“Even in hospitals, the lack of information about HIV can be pretty overt,” Johnson says. “We have plenty of examples of, say, the urology department, handling specimens of HIV-positive patients with double gloves, when there is absolutely no need to do that.”
SAGE is one organization that’s combating ignorance and homophobia, along with HIV-phobia for older adults. Thurston points out its robust caregiving program, including home care, supplemental support, and financial help. They’ve received a small grant—$300,000 for three years—from the Administration on Aging to train mainstream health providers in giving culturally competent services. “There are many organizations that focus on older adults but don’t know about the needs of those with HIV, or LGBT issues,” Thurston says. In addition to reaching out and educating those groups, SAGE has been assisting LGBT community centers around the country in creating safe spaces for older adults with HIV to feel welcome.
“One of the many misconceptions we want to reverse is that older adults don’t have sex and therefore don’t need preventative services,” Thurston adds. But they do have sex, and they do have unsafe sex. We are seeing some seroconverting in their seventies and even eighties.”
It’s Never Too Late to Thrive
If you were to look for a role model for aging gracefully with HIV, Christopher West-Davis, who works in research finance at a major medical center, might be a good one to follow. At sixty-two, he’s healthy, except for needing a hip replacement, a drawback of walking miles a day for years. His only HIV-related ailment is CMV retinopathy in both eyes, a common non-life threatening illness. He needs vision enhancement software for his computer, and it’s such a non-issue that he forgot to tell me about it at first. “I really don’t think about the CMV,” he admits.
In 1994, his health was deteriorating rapidly, and PCP stood a good chance of ending his life. He was one of the first people to go on protease inhibitors, and as a result was snatched back from the brink of death, he says. Unlike many HIV-positive men his age, he doesn’t feel isolated at all.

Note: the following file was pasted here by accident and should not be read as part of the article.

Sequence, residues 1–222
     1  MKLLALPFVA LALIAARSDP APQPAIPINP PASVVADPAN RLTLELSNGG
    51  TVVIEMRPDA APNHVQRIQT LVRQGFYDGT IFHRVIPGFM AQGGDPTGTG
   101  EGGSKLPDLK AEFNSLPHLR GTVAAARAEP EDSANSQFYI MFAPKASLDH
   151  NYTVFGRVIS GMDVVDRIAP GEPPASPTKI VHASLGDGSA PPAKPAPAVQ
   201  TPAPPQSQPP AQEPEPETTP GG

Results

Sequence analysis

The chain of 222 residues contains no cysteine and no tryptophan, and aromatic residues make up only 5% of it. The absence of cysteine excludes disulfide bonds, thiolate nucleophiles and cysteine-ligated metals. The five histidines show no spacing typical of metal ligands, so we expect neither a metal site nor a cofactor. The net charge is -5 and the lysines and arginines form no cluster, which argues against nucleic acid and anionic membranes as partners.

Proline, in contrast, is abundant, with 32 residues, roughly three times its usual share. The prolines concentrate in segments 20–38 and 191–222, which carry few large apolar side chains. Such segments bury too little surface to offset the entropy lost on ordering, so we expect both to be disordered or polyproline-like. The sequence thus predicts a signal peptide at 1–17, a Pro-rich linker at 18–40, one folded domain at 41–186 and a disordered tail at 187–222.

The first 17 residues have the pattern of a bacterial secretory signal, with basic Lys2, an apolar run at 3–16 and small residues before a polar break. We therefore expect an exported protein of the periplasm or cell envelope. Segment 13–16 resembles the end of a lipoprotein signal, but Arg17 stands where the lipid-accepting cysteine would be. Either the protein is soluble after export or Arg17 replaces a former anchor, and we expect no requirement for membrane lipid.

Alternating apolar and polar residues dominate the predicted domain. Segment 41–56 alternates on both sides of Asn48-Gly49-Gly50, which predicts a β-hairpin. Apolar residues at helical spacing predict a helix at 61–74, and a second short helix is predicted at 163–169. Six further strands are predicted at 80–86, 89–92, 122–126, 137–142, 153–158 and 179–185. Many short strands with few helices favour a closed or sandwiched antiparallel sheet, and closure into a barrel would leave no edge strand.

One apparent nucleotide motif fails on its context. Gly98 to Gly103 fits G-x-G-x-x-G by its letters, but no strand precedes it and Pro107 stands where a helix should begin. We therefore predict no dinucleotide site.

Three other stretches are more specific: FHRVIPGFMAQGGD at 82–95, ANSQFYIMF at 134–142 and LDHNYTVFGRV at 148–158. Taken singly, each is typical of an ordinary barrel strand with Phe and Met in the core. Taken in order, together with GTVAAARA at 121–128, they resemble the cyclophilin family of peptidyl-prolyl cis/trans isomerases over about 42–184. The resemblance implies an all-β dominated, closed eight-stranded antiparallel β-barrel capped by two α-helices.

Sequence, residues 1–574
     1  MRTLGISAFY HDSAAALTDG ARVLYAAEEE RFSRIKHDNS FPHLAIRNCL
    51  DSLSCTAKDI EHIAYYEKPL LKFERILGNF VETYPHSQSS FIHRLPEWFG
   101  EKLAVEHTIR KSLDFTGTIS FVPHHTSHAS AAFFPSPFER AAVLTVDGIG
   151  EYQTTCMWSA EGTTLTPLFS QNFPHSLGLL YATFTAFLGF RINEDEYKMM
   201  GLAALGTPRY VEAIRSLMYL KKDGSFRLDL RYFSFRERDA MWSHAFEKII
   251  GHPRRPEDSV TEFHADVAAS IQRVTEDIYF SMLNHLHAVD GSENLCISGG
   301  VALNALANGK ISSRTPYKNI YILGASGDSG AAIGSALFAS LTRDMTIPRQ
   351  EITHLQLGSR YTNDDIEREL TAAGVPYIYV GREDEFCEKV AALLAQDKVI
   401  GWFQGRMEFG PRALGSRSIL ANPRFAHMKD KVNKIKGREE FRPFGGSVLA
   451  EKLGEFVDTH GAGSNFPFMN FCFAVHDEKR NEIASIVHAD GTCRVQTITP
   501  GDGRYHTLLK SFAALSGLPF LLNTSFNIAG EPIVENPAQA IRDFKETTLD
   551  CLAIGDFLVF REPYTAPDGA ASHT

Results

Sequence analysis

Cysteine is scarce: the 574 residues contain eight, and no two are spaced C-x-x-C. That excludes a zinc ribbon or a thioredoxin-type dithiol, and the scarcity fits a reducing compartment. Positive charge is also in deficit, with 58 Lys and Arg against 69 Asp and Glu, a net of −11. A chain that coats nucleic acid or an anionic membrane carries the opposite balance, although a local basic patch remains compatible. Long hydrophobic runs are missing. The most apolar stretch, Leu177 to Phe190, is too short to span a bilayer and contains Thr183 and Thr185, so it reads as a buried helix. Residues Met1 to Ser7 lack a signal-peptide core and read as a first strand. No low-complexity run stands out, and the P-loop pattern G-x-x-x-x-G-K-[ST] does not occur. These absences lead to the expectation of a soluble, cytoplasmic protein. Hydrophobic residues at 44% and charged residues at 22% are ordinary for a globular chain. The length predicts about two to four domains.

“Aging and being gay can be more difficult than aging and having HIV,” he tells A&U. He admits that his experience may be different than many; he lives in a large, multicultural neighborhood in New York City, has lived with a younger partner for seventeen years, and his social circle primarily includes men decades his junior.
“I have one friend from the eighties who’s still alive. I went to so many funerals I lost count. But recently I have met people my age who are positive and doing well physically and socially, so I’m not alone.”
West-Davis’s main concern regarding HIV is not his own health or morbidity, but the fact that younger generations don’t take the disease seriously. Even though he’s doing fine, he faces an uphill battle in convincing twenty- and thirtysomethings that it’s still not a disease you would want to have if you can avoid it.
“There is an almost total lack of concern that I see among the younger generation [regarding HIV]. The information is everywhere. They know how it’s spread and how to prevent it. But they don’t pay attention to it. There’s nothing I can do about that, and it pisses me off.”
That generational divide in HIV attitudes is striking, according to Halkitis, fifty. People who lived through the deadliest years of the crisis in the U.S., from the early eighties to the late nineties, share an understanding, a fear, a loathing, and even a respect for the disease, that those who came of age after antiretrovirals hit the market can’t fathom.
“This generation of HIV survivors suffers from a form of PTSD still,” says Halkitis, who is positive. “In a sense HIV is the 9/11 of our lives, and this is true not just for those who have HIV but for those who saw people dying around them but have remained negative.”
West-Davis offered some advice for those aging with HIV. “You are defined by what you do, not by some virus. Get out. Do things. Volunteer. Spend some time with younger men and women living with HIV. And no matter what you do, enjoy it.”
Larry Buhl writes the monthly Hep Talk column for A&U.